New research released by Lloyds TSB Insurance has revealed the serious impact of driving breaks on accident rates, as nearly 100,000 crashes caused last year were by drivers taking to the wheel after a long break from driving.
Lloyds TSB Insurance commissioned road safety experts to test the roadworthiness of licensed motorists who had not driven for six months or more. The results revealed that these drivers made four times as many serious safety errors as regular drivers, worryingly increasing their crash-risk by a quarter.
The insurer estimates that 98,000 accidents last year can be directly attributed to lack of driving practice, causing over £200 million worth of damage. Yet public awareness of the risks is low, with half a million ‘rusty drivers’ planning to take to the road in the next 12 months.
Driver ability in all key areas is impaired, according to the findings, with serious deficiencies in observation (86 per cent), speeding discipline (27 per cent), clutch control (33 per cent) and steering (13 per cent).
Crash risk is also heightened by the length of the driving ‘break’, with those taking to the wheel after a year nearly twice as likely to have an accident.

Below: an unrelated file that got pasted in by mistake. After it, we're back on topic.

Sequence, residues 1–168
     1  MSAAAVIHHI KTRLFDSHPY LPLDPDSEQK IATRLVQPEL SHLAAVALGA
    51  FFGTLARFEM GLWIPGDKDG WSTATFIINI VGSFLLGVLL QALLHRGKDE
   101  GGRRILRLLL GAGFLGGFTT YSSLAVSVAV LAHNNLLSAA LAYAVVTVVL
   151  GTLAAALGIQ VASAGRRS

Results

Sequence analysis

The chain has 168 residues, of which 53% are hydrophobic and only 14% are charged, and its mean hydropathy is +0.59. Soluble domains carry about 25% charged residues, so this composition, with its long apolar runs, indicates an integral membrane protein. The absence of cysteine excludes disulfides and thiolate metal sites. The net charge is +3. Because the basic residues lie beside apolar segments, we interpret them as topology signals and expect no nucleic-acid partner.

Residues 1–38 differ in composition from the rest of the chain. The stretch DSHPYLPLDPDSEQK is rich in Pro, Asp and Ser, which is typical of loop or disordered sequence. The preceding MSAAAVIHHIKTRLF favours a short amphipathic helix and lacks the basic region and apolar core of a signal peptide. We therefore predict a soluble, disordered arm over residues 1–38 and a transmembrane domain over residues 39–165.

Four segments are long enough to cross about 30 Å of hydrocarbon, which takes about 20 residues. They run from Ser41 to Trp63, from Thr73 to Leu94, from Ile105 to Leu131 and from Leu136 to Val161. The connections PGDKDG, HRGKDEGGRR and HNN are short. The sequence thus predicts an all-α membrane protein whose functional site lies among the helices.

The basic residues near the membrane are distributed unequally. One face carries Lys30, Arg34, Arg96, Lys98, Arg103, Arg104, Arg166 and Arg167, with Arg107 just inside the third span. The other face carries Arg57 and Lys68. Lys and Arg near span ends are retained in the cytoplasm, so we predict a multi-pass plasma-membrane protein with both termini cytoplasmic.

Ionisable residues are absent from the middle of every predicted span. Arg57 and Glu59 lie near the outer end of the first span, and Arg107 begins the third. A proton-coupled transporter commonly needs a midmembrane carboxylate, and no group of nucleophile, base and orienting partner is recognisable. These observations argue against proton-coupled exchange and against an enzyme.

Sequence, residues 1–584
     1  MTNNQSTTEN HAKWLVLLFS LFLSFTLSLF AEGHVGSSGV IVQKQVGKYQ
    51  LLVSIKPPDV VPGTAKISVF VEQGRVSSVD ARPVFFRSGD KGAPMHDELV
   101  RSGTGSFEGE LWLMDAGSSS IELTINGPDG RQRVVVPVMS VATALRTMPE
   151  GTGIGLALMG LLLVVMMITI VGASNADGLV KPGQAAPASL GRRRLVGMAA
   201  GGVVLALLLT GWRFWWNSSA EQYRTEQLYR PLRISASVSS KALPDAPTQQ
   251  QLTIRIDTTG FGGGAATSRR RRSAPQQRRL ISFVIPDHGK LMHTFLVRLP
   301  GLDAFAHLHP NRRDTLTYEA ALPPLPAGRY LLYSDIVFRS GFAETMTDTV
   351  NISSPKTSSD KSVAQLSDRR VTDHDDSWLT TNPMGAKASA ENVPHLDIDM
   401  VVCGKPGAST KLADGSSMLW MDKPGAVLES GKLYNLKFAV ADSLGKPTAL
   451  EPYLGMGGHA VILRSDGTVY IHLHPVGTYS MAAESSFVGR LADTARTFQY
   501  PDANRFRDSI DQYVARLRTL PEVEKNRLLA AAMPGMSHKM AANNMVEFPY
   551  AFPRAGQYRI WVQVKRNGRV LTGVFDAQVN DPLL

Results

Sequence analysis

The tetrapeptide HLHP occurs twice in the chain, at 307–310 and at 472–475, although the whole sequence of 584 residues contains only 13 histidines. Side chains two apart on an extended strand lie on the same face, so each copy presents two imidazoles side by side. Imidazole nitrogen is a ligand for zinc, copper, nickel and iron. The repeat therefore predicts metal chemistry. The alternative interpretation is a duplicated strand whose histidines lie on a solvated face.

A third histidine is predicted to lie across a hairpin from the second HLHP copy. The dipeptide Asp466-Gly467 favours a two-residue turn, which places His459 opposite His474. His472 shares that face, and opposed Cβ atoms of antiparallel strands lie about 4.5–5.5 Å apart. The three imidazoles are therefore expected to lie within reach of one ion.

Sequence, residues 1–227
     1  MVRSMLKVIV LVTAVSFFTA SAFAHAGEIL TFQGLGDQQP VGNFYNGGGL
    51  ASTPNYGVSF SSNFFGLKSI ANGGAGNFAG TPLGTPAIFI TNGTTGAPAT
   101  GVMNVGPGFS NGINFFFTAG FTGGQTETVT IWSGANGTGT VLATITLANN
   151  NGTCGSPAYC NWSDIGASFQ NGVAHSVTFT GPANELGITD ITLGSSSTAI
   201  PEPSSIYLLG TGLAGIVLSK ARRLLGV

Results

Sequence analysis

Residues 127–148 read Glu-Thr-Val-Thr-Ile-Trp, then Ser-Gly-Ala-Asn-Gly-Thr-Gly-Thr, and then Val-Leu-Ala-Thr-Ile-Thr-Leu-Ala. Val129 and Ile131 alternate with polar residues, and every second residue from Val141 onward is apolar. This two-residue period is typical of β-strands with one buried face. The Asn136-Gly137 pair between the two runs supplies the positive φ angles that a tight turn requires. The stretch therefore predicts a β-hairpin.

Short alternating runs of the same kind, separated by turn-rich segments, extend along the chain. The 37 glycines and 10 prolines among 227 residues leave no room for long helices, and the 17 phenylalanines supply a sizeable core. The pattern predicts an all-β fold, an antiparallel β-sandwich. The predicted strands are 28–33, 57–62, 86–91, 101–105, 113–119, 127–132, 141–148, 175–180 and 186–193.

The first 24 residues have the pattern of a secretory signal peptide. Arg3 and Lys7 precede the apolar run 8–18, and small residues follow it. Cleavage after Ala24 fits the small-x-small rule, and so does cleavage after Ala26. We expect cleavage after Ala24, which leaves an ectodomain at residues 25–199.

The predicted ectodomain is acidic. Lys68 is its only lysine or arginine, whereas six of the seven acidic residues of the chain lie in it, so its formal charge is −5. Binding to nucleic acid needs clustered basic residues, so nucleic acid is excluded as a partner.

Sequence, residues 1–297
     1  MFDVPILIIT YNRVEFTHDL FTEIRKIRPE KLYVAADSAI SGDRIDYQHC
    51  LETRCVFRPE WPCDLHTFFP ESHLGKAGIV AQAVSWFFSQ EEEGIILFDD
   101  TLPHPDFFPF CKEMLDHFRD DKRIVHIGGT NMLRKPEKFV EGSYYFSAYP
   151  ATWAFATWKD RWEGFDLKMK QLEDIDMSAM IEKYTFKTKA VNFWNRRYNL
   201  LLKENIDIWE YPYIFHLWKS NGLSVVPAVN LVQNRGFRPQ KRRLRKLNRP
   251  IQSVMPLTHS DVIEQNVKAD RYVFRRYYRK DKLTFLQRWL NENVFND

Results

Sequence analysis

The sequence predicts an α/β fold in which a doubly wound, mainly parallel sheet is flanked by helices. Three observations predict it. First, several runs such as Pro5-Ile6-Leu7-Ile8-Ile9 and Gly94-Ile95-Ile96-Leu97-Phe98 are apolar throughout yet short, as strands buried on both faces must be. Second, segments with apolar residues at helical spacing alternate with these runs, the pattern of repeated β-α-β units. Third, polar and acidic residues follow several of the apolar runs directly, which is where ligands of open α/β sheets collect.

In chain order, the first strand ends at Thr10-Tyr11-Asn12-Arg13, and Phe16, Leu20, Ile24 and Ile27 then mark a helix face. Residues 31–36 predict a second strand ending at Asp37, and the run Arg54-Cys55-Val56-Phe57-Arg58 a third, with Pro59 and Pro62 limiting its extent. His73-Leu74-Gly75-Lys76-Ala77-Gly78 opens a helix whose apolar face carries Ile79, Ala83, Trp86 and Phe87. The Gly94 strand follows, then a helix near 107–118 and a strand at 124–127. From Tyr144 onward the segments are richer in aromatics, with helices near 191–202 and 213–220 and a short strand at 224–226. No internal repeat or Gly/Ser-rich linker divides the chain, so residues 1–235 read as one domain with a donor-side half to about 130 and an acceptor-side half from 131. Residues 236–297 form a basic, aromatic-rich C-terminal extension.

Despite the experiment revealing no marked difference in performance between the sexes, further research suggests women are more likely to take extended driving breaks than men (58 per cent vs. 42 per cent).
Commenting on the research, Karen McCarthy of Lloyds TSB Insurance, said:
“There is no substitute for practice and anyone thinking of getting behind the wheel after a long break needs to think really carefully about the risks. A simple refresher lesson or practice in a low traffic area can make a huge difference to your confidence and road awareness.”